Metropolitan plans Hawaiian project
Spokane company expects work on Oahu beachfront subdivision to begin soon
Kim CromptonMay 17th, 2002
Spokane-based Metropolitan Mortgage & Securities Co., which has a long history of involvement in Hawaiian property development, is pursuing a new multimillion-dollar project on the island of Oahu.
The company, through its Summit Property Development subsidiary, plans to develop a 29-lot beachfront subdivision at Sunset Beach on the islands picturesque north shore.
Its a beautiful site on the ocean dramatic views, beautiful sunsets, says Tom Masters, vice president and manager of Summit.
He says the project is just emerging from a lengthy regulatory-review process, with a ground-blessing ceremony scheduled to take place this week, symbolically clearing the way for work to proceed.
Masters says a Hawaiian contractor hired by Summit probably will begin installing the subdivisions infrastructure, such as utilities, curbs, and sidewalks, within the next couple of months, and a real-estate brokerage there hired by Summit will begin taking reservations for lots in the development.
Lot prices probably will start at around $200,000 to $250,000, which is considered moderate by Hawaiian real estate standards, he says. On the upper end, though, he says, Well have a million-dollar lot. Home prices, including the cost of the lots, probably will begin at around $400,000, Masters says.
Metropolitan bought the 19-acre development site last June for $7.5 million. The long, slender parcel stretches along a gently curving section of beach just north of the Kamehameha Highway. Plans call for the subdivision to include 17 waterfront lots and 12 secondary lots. The subdivision will be gated, but Hawaiian beachesincluding those with homes along themare required to be kept open to the public, so public access will be provided, Masters says.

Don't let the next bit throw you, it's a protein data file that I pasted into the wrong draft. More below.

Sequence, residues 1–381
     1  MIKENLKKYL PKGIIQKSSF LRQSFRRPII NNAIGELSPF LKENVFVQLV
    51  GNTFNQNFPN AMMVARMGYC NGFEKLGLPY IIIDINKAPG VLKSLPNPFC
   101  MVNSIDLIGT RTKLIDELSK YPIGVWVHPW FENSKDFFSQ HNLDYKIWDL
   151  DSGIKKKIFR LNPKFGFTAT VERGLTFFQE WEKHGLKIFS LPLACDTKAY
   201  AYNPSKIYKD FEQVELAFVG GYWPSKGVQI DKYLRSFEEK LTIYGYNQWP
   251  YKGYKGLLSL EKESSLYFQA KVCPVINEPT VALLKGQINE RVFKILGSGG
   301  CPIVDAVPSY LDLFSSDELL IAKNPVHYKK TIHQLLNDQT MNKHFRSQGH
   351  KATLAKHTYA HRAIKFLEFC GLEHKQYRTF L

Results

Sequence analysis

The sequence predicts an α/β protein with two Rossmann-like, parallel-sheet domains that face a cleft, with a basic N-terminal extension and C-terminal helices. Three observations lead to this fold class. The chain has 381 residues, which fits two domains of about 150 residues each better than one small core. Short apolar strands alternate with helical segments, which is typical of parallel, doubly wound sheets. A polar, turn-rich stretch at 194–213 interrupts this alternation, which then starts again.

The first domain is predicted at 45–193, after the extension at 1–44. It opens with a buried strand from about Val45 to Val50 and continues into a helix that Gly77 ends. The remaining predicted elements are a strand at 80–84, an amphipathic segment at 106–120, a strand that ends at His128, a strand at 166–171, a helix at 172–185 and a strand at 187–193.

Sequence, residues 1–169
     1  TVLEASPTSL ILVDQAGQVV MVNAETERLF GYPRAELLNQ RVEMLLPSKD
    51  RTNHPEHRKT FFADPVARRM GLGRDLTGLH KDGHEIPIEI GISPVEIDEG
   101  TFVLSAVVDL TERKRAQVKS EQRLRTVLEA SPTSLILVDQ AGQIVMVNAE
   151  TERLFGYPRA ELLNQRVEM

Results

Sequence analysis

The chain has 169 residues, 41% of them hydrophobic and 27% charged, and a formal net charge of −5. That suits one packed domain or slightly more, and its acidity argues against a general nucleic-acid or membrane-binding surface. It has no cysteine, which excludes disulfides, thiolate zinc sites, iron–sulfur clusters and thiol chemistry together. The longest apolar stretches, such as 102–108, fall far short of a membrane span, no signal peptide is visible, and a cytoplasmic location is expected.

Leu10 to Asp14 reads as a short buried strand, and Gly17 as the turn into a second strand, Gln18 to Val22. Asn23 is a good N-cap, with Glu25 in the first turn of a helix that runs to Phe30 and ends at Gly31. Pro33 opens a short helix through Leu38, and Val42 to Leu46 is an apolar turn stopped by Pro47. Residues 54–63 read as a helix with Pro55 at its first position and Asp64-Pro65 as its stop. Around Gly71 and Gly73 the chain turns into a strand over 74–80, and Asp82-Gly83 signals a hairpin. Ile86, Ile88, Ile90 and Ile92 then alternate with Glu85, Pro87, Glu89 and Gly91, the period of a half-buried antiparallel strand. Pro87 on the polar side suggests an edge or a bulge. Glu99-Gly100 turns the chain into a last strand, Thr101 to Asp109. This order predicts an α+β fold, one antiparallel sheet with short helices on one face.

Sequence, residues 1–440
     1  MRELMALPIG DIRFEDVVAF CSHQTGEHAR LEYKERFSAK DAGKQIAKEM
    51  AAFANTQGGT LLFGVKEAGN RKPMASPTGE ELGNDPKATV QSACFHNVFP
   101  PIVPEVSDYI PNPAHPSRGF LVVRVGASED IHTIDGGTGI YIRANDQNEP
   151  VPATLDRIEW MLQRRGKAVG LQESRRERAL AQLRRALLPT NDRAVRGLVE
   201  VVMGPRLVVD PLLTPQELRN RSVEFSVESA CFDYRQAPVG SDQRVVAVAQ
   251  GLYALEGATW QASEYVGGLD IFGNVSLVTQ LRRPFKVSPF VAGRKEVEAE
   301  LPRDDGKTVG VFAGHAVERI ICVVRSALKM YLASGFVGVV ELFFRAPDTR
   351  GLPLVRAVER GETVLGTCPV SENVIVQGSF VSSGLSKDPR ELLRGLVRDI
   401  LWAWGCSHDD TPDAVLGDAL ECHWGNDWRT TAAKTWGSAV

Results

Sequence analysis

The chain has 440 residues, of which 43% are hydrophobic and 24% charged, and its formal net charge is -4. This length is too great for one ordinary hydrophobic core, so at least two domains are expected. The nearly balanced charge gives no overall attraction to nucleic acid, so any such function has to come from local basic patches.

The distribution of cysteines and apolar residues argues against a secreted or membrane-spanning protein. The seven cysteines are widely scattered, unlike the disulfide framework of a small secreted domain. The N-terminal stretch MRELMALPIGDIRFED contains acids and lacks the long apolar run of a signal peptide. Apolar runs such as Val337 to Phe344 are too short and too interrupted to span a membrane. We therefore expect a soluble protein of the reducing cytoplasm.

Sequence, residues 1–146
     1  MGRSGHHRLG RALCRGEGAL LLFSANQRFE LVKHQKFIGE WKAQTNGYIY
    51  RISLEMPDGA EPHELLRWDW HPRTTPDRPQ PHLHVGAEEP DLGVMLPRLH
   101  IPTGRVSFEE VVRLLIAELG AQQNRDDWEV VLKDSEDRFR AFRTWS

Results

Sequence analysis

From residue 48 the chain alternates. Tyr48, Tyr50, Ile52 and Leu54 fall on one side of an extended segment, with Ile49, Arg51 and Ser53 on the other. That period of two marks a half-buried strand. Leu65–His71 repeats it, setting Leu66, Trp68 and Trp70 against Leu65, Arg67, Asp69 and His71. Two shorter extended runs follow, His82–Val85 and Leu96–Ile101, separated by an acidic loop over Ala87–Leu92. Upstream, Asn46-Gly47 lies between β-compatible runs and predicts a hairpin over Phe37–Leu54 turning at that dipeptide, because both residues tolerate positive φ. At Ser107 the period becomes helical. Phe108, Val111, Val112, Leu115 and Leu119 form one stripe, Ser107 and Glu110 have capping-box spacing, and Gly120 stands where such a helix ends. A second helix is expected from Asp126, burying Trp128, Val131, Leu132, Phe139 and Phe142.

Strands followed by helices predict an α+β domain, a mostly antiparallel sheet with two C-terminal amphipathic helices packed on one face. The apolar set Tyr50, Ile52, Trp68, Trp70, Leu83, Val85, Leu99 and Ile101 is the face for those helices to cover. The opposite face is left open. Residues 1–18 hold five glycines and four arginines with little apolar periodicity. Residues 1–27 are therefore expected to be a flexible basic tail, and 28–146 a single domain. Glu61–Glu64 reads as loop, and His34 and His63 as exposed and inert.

He says the new-housing market is strong enough on Oahu that he expects all of the lots in the subdivision to be sold within a year or so.
Metropolitan first began acquiring property in Hawaii, on the island of Kauai, in the 1950s. It developed the Lawaii Beach Resort, a 110-unit time-share development, on that islands south shore near Poipu, and two other condominium projects, the 72-unit Prince Kuhio Apartments and the 75-unit Kuhio Shore, near the resort, at a combined cost running well into the tens of millions of dollars. It was forced to make extensive repairs there after Hurricane Iniki caused heavy damage to the resort in September 1992.
Erik Skaggs, Metropolitans vice president of production and market development, says, Theres a lot of personal connection and business connection between Metropolitan and Hawaii. Company founder C. Paul Sandifur Sr. was fond of the island state, he says, and a special memorial service was held there for Sandifur and his wife, Evelyn, after they died in a 1995 car crash.
Separately, Masters says property sales and developer interest have picked up sharply at Broadmoor Park, the 400-acre, multifaceted project that Metropolitan began developing a number of years ago on the west side of Pasco, Wash.
In addition to a mix of retail, office, and other business uses, the project eventually is expected to include nearly 400 single-family residences, 30 acres of townhouses, and 36 acres of apartments. Masters says Summit Property Development has reached agreements recently with a variety of developers, and virtually all of the land targeted for residential development there now is committed.
Summit also has reached a tentative agreement to sell about 15 acres of land for a 15-acre senior housing community at Broadmoor Park and has a letter of intent from an undisclosed big box user that plans to develop a store near a 7-year-old factory outlet mall there, he says.